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1704, which was 6,509,000l. This detail he applies to prove the vast commercial inportance of the colonies to Britain.

The increase was so rapid, that sagacity would not have anticipated it as probable, in the usual course of events. • It happened within sixty-eight years, within the period of the life of man; in the remembrance of men still alive, and who in 1704 were of sufficient age to be acquainted with the commerce of their country. These could hardly have believed it possible, that in their lifetime the trade of Britain with America should come to equal that which there was, then, with the whole world. Here his imagination soared to a very grand poetical vision. "My Lord Bathurst * might re

* That enlightened, benevolent, and engaging man was then above ninety. His health was so firm and vigorous, that he used to sit up to enjoy the pleasures of social conversation for several hours after his son. The Lord Chancellor's more delicate temperament obliged him to go to bed. After Lord Apsley's departure for the night, the venerable peer used to call for the other bottle, and say, ' come, my friends, let us young men drink to the repose of the old gentleman that has left us.'

member all the stages of the progress. He was in 1704 of an age, at least, to be made to comprehend such things. He was then old enough, acta parentum jam legere, et quæ sit, poterit cognoscere virtus. Suppose, Sir, that the Angel of this auspicious youth, foreseeing the many virtues, which made him one of the most amiable as he is one of the most fortunate men of his age, had opened to him in vision, that, when, in the fourth generation, the third Prince of the House of Brunswick had sat twelve years on the throne of that nation, which (by the happy issue of moderate and healing counsels) was to be made Great Britain, he should see his son, Lord Chancellor of England, turn back the current of hereditary dignity to its fountain, and raise him to an higher rank of peerage, whilst he enriched the family with a new one. If, amidst these bright and happy scenes of domestic honour and prosperity, that Angel should have drawn up the curtain, and unfolded the rising glories of his country, and whilst he was gazing with admiration on the then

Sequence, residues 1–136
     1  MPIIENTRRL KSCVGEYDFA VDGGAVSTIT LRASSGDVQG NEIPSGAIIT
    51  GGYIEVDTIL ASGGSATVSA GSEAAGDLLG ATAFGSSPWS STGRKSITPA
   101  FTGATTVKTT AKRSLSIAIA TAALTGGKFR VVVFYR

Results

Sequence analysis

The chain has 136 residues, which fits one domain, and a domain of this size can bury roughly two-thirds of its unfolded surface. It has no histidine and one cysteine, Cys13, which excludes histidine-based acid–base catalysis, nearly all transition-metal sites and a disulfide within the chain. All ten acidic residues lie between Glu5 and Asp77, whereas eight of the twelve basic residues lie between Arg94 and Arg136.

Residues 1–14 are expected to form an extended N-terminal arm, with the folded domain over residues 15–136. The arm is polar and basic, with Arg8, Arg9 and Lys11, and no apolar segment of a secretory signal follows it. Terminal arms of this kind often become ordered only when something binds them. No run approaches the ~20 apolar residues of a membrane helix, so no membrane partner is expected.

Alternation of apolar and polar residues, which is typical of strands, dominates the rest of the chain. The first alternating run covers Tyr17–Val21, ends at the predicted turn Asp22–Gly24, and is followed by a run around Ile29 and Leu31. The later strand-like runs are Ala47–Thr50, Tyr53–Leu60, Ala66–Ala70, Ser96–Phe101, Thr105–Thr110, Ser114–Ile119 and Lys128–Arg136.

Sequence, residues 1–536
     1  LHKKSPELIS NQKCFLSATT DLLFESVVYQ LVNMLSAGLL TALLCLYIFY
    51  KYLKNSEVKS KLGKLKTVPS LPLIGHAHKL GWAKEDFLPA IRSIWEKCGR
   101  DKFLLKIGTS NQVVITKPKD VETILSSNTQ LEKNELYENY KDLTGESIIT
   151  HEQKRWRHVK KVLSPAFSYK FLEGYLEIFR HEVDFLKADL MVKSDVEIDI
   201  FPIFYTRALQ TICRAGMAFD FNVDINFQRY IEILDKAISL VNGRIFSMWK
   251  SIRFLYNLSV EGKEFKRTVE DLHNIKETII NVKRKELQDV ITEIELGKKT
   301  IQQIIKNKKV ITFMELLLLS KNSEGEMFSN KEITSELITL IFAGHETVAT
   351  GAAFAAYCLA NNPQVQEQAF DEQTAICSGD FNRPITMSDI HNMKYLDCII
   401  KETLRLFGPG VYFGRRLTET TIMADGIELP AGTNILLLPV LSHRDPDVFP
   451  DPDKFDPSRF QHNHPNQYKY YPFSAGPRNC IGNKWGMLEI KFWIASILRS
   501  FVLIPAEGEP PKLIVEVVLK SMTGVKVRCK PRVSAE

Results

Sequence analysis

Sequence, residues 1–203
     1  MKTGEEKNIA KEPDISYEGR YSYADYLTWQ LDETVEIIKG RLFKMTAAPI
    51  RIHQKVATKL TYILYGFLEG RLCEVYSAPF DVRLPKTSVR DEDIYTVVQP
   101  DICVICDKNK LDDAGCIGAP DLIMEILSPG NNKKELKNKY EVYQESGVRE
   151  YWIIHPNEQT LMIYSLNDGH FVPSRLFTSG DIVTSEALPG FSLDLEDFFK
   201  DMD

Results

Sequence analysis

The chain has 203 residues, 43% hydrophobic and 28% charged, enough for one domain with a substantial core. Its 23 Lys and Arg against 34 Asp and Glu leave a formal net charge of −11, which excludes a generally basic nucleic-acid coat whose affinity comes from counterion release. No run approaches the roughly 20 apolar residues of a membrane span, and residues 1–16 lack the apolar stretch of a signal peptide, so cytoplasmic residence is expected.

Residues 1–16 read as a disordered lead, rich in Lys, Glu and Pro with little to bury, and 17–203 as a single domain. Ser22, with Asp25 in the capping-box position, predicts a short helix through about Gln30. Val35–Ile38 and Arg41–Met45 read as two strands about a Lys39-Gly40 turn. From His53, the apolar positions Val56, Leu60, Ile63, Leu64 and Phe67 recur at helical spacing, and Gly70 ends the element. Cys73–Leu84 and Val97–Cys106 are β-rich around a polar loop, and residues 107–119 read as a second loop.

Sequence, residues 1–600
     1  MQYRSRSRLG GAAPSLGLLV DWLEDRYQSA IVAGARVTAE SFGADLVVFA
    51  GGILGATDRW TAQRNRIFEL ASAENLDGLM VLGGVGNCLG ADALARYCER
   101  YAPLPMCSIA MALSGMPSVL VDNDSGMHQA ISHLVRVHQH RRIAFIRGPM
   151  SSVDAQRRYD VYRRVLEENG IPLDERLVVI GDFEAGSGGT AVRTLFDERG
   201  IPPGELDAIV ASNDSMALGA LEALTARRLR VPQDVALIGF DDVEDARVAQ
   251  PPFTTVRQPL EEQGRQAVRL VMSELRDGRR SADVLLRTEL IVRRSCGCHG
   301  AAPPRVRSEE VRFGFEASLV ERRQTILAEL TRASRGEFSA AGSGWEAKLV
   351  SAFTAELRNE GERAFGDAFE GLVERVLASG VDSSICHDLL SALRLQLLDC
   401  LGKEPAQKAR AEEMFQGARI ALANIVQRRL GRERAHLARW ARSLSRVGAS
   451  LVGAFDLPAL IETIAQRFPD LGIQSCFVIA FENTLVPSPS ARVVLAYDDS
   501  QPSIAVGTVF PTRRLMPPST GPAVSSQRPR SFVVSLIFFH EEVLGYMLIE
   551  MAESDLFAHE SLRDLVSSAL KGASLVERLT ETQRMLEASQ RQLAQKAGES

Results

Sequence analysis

commercial grandeur of England, the Genius should point out to him a little speck, scarce visible in the mass of the national interest, a small seminal principle rather than a formed body, and should tell him-Young man, there is America, which at this day serves for little more than to amuse you with stories of savage men and uncouth manners; yet shall, before you taste of death, shew itself equal to the whole of that commerce which now attracts the envy of the world. Whatever England has been growing to by a progressive increase of improvement, brought in by varieties of people, by succession of civilizing settlements, in a series of seventeen hundred years; you shall see as much added to her by America in the course of a single life!—If this state of his had been foretold to him, would it not require all the sanguine credulity of youth, and all the fervid glow of enthusiasm, to make him believe it? Fortunate man, he has lived to see it! Fortunate indeed, if he lives to see nothing that shall vary the prospect, and cloud the setting of this day! He proceeds to the agriculture and fisheries of the colonies, details their flourishing state, draws a general conclusion of the value of America ; and argues that force is by no means an effectual mode of securing to Britain so valuable a possession..

He next enters into the character of the Americans, their spirit of liberty ; arising, first, from descent : “ The people of the colonies are descended of Englishmen. England, Sir, is a nation which, l'hope, still respects, and formerly adored, her freedom. The colonists emigrated from you when this part of their character was predominant; and they took this bias and direction the moment they parted from your hands. They are therefore not only devoted to liberty, but to liberty according to English ideas and on English principles. From thence, he says, the Americans inferred, that they must possess the power of granting their own money. • From England the colonies draw, as with their life-blood, these ideas and principles.' In the opinion which they, as the descen

dants of free Englishmen, entertain, they were confirmed by the form of their provincial legislative assemblies allowed by Bri,

tain. • Their governments were in the · highest degree popular.'

He proceeds to shew the influence of their religion (that is, among the northern colonies, where the inhabitants were principally Protestant dissenters) in nourishing the spirit of liberty. If, says he,any thing were wanting to this necessary operation of the form of government, religion would have given it the complete effect: religion, always a principle of energy in this new people, is no way worn out or impaired; and their mode of professing it is also one main cause of this free spirit. The people are Protestants ; and of that kind, which is the most adverse to all implicit submission of mind and opinion. This is a persuasion not only favourable to liberty, but built upon it. I do not think, Sir, that the reason of this averseness, in the dissenting churches, from all that looks like absolute govern-,

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